FINE, FINE, FINE, FINE, FINE

Not everyone’s cup of tea to be sure, but a pleasing foray in short-short fiction.

Centrifugal stories, supershort and superpithy, by avant-gardist Williams.

In Williams' stories, a non sequitur has the same weight as an ordinary logical proposition, as if to suggest that either we are very illogical creatures indeed or that no one is really listening to anyone else anyway. So it is that in the opening tale, the narrator, poolside at an Illinois Marriott, implores the lifeguard to notice that swimmers are drowning, to which he replies, “I don’t speak Chinese.” Is it that the swimmers are Mandarin or that the characters are swimming their way through a dream? In the next story, a woman, clad in a “boiled woolen cloak,” dies on a roadway, occasioning the observation on the part of our narrator that “her facial features are remarkably symmetrical, expressing vigor and vulnerability.” Even when Williams’ characters are engaged in more or less quotidian acts, from washing the dishes to pleasuring a partner, there is an element of jerky oddness to their behavior, as if they were imperfectly programmed robots or ghosts—in short, ordinary humans, clumsily self-absorbed. Williams writes precise, elegant, and usually very short sentences, building a story piece by piece and conveying a great deal with just a few details; in the shortest of the pieces, weighing in at just 48 words, a woman on the way to drowning—and not a Chinese speaker this time—marvels that the water of the ocean “tasted like a cold, salty variety of her favorite payang congou tea.” The most perfect non sequitur? “My fault. Go fuck herself.” A little goes a long way: this is a book to sip from, not to devour whole. Charged with meaning, every word carrying more than its weight, this is a series of provocations inviting us to look at the world a little differently from before.

Not everyone’s cup of tea to be sure, but a pleasing foray in short-short fiction.

Pub Date: Jan. 26, 2016

ISBN: 978-1-940450-84-1

Page Count: 136

Publisher: McSweeney’s

Review Posted Online: Oct. 27, 2015

Kirkus Reviews Issue: Nov. 15, 2015

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SIGHTSEEING

STORIES

A newcomer to watch: fresh, funny, and tough.

Seven stories, including a couple of prizewinners, from an exuberantly talented young Thai-American writer.

In the poignant title story, a young man accompanies his mother to Kok Lukmak, the last in the chain of Andaman Islands—where the two can behave like “farangs,” or foreigners, for once. It’s his last summer before college, her last before losing her eyesight. As he adjusts to his unsentimental mother’s acceptance of her fate, they make tentative steps toward the future. “Farangs,” included in Best New American Voices 2005 (p. 711), is about a flirtation between a Thai teenager who keeps a pet pig named Clint Eastwood and an American girl who wanders around in a bikini. His mother, who runs a motel after having been deserted by the boy’s American father, warns him about “bonking” one of the guests. “Draft Day” concerns a relieved but guilty young man whose father has bribed him out of the draft, and in “Don’t Let Me Die in This Place,” a bitter grandfather has moved from the States to Bangkok to live with his son, his Thai daughter-in-law, and two grandchildren. The grandfather’s grudging adjustment to the move and to his loss of autonomy (from a stroke) is accelerated by a visit to a carnival, where he urges the whole family into a game of bumper cars. The longest story, “Cockfighter,” is an astonishing coming-of-ager about feisty Ladda, 15, who watches as her father, once the best cockfighter in town, loses his status, money, and dignity to Little Jui, 16, a meth addict whose father is the local crime boss. Even Ladda is in danger, as Little Jui’s bodyguards try to abduct her. Her mother tells Ladda a family secret about her father’s failure of courage in fighting Big Jui to save his own sister’s honor. By the time Little Jui has had her father beaten and his ear cut off, Ladda has begun to realize how she must fend for herself.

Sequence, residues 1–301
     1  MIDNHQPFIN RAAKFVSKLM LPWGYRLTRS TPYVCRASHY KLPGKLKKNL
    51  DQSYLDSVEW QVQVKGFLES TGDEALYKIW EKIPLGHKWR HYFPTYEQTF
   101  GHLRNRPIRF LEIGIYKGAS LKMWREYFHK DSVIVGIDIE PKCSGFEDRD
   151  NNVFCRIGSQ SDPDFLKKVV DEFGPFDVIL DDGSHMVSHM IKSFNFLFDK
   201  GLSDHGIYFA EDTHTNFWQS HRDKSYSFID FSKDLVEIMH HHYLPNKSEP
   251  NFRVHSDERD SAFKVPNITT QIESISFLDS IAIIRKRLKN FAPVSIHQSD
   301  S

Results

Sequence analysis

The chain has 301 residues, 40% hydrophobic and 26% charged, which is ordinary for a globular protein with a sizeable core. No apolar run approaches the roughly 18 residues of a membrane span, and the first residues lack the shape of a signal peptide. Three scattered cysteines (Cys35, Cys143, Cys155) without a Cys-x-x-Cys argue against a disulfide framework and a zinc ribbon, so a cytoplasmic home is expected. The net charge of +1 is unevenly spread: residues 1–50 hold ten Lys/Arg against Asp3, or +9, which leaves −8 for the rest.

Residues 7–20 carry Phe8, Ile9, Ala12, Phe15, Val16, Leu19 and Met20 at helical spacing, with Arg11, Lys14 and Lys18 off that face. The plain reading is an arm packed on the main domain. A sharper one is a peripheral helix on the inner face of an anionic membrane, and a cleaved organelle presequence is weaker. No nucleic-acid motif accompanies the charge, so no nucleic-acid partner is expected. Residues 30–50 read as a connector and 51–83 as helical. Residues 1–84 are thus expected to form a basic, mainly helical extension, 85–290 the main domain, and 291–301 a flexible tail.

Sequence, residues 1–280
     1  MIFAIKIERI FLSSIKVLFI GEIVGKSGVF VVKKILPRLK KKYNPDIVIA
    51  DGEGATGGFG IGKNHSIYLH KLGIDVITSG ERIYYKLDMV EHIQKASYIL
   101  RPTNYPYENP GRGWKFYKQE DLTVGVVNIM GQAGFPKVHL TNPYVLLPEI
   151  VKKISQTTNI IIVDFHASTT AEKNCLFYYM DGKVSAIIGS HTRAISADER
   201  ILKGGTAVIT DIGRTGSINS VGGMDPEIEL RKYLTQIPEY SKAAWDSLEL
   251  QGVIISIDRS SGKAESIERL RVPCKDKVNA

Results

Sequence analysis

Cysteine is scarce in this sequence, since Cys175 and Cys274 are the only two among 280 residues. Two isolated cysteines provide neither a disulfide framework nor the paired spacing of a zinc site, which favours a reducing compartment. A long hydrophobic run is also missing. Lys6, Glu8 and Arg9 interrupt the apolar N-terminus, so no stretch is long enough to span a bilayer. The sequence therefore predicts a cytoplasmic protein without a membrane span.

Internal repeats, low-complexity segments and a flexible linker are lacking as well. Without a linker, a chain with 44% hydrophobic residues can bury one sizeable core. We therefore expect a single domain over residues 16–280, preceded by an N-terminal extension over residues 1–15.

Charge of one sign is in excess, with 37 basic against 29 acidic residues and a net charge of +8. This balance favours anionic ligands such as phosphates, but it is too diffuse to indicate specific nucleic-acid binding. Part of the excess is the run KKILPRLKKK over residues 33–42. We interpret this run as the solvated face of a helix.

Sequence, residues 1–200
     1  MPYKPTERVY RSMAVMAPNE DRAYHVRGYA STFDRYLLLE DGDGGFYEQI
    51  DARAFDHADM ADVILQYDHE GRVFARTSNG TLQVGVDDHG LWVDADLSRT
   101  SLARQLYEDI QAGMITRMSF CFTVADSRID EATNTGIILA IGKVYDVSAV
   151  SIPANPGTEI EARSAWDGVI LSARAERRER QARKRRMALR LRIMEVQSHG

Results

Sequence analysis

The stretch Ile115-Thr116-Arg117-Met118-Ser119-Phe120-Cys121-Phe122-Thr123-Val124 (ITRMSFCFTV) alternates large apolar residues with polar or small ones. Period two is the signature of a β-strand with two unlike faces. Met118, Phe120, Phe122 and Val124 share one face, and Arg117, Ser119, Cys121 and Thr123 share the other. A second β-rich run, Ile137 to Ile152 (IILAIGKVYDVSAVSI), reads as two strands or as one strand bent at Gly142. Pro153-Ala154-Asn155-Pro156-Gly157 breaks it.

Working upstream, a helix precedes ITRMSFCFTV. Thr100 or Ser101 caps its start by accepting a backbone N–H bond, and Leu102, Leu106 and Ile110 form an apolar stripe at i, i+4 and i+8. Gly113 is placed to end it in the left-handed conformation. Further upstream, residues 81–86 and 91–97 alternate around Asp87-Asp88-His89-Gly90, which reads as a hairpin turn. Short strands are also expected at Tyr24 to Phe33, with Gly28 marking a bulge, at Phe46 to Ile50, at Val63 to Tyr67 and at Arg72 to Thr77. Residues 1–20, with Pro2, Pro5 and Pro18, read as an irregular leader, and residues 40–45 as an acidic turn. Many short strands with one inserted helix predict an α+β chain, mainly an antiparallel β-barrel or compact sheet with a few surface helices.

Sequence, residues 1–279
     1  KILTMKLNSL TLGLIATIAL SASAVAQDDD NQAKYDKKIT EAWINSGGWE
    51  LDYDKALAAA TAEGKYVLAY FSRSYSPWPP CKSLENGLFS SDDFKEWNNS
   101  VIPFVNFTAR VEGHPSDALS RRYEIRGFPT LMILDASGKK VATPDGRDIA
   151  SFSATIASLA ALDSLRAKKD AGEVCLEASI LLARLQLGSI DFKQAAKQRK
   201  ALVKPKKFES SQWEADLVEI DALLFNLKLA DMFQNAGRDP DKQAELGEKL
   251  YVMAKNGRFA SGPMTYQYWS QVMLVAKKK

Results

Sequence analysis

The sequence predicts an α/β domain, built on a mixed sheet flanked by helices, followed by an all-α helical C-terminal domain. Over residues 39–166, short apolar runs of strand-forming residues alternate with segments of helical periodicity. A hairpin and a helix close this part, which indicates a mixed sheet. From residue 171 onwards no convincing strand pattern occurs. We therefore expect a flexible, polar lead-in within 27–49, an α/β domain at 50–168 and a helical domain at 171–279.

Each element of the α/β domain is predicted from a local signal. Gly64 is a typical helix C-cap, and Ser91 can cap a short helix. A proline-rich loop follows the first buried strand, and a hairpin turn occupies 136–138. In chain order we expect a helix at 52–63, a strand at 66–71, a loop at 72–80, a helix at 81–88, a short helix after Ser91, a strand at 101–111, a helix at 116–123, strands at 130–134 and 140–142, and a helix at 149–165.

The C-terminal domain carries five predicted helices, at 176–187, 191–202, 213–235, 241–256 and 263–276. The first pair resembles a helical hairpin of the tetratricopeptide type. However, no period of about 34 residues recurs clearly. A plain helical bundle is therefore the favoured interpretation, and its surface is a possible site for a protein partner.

A newcomer to watch: fresh, funny, and tough.

Pub Date: Jan. 1, 2005

ISBN: 0-8021-1788-0

Page Count: 224

Publisher: Grove

Review Posted Online: May 19, 2010

Kirkus Reviews Issue: Oct. 15, 2004

THE THINGS THEY CARRIED

It's being called a novel, but it is more a hybrid: short-stories/essays/confessions about the Vietnam War—the subject that O'Brien reasonably comes back to with every book. Some of these stories/memoirs are very good in their starkness and factualness: the title piece, about what a foot soldier actually has on him (weights included) at any given time, lends a palpability that makes the emotional freight (fear, horror, guilt) correspond superbly. Maybe the most moving piece here is "On The Rainy River," about a draftee's ambivalence about going, and how he decided to go: "I would go to war—I would kill and maybe die—because I was embarrassed not to." But so much else is so structurally coy that real effects are muted and disadvantaged: O'Brien is writing a book more about earnestness than about war, and the peekaboos of this isn't really me but of course it truly is serve no true purpose. They make this an annoyingly arty book, hiding more than not behind Hemingwayesque time-signatures and puerile repetitions about war (and memory and everything else, for that matter) being hell and heaven both. A disappointment.

Pub Date: March 28, 1990

ISBN: 0618706410

Page Count: 256

Publisher: Houghton Mifflin

Review Posted Online: Oct. 2, 2011

Kirkus Reviews Issue: Feb. 15, 1990

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